With the Mariners' plan of a stepback in 2019 and a focus on building a young core of players for 2020 and 2021, the former UW standout has become a factor in that plan. “This is a different spring for him," manager Scott Servais said.

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PEORIA, Ariz. —  A year ago, Braden Bishop arrived at his first major-league spring training with the typical wide eyes and nerves of any player entering a world in which childhood dreams are on the verge of becoming real.

His locker was relegated to the far reaches of the big league clubhouse of the Mariners’ spring training facility. He was just feet away from having his locker in the hallway leading out to the practice fields.

It’s an area where minor-leaguers with little to no experience or non-roster invites are placed. There aren’t signs that say: “Stay in your area” or “Be seen and not heard,” but it seems that way. They were unwritten rules the respectful Bishop obeyed.

This year, Bishop finds himself moving up in the world. After being placed on the 40-man roster this offseason to protect him from the Rule 5 draft, he is near the front of the clubhouse in a cluster of players with big-league experience, including J.P. Crawford, Mallex Smith, Domingo Santana and Jay Bruce.

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It’s a location and treatment that he earned. But Bishop and the Mariners know he has higher goals this season than clubhouse real estate.

With the organization’s plan of a stepback in 2019 and a focus on building a young core of players for 2020 and 2021, the former University of Washington standout has become a factor in that plan.

“This is a different spring for him,” manager Scott Servais said. “I know he’s been in our camp before. He’s really got an opportunity to get on the map here. If he doesn’t break with us, then there’s a good chance he’ll go to Triple A (Tacoma) and hopefully at some point you will probably see him in the big leagues. We are in a situation where we have a lot of opportunity for these young guys.”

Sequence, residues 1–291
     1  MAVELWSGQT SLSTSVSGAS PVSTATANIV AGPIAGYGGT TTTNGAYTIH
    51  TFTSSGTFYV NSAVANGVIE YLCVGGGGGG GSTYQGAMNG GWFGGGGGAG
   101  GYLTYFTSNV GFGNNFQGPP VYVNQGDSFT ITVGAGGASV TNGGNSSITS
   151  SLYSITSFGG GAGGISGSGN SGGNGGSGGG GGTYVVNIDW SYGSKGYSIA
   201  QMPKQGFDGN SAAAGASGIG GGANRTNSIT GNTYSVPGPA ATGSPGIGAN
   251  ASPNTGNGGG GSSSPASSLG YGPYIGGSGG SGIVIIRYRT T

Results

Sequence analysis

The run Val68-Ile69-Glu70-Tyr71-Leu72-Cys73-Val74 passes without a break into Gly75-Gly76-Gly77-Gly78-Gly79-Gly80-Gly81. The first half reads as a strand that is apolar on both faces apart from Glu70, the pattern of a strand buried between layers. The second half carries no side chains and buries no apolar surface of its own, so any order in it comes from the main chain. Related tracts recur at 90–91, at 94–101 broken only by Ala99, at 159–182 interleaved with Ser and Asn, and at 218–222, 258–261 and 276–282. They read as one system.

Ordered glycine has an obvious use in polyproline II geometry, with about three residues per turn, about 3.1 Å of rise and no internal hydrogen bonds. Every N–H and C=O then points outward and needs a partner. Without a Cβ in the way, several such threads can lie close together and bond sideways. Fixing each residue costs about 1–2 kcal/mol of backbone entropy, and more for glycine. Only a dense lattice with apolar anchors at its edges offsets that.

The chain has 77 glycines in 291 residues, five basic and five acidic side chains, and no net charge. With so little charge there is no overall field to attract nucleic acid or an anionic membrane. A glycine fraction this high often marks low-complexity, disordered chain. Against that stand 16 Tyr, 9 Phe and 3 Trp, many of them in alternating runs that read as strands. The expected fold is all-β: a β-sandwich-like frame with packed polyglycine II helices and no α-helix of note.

That opportunity became more pronounced when fellow outfielder Smith arrived at camp with an elbow strain, shelving him from Cactus League games in the near future. With Smith out, Bishop is expected to play heavily in spring games. He started Thursday’s Cactus League opener in center field. Smith seems unlikely to be ready to go to Japan for the two exhibition games and two regular-season games in mid-March. The Mariners could put Bishop on the expanded active roster as an extra outfielder. It’s tantalizing to think about.

“At the end of the day, it comes down to getting ready for Game 1 of the season,” he said. “Obviously, there is pressure. I think even if Mallex was healthy, there’d still be pressure. For the most part, I’m just going to try and do the same things I did last year. Try to get on base.  I don’t think I need to be trying to hit a home run in every at-bat. It’s important that I know my game and what I can do and not try to get outside of that. I think over the last five years, I’ve learned — ‘this is who I am and to just stick with that.’”

The Mariners love who Bishop is and who he has become as a player.

They knew they got an outstanding human being when they selected him in the third round of the 2015 draft. Bishop grew into an All-Pac-12 performer at UW while also becoming a tireless advocate and fundraiser in the fight against early-onset Alzheimer’s disease, which his mother Suzy is battling after being diagnosed almost five years ago.

Time hasn’t healed the pain. He tries to prioritize baseball as a job when it’s time to work.

“It’s definitely a challenge,” he said. “The biggest thing is realizing what happens on the field has to stay on the field. I’ve done a fairly good job because we all have real lives and our own problems that we go through. Consciously, I’m able to detach from her sickness and all that goes with it. The hardest part for me is when other guys have their moms there and they are hugging their moms after games or seeing their moms names on the pass list. I don’t get that. Subconsciously that affects me more. Sometimes it creeps into the games but not enough to affect me negatively.”

His off-the-field energy is  channeled into his “4Mom” campaign that has grown into a full charitable foundation. Bishop was honored with the Dan Wilson Community Service Award for his efforts in 2018.

“It’s a non-stop thing,” he said of the charity work. “I’m constantly brain-storming on how to get out in the community more and more and get the word out about Alzheimers because I don’t think it’s talked about enough. I can list off a thousand numbers to prove it. It’s importantly to constantly do that. It does bring some perspective to remind us that baseball isn’t as important as we make it out to be.”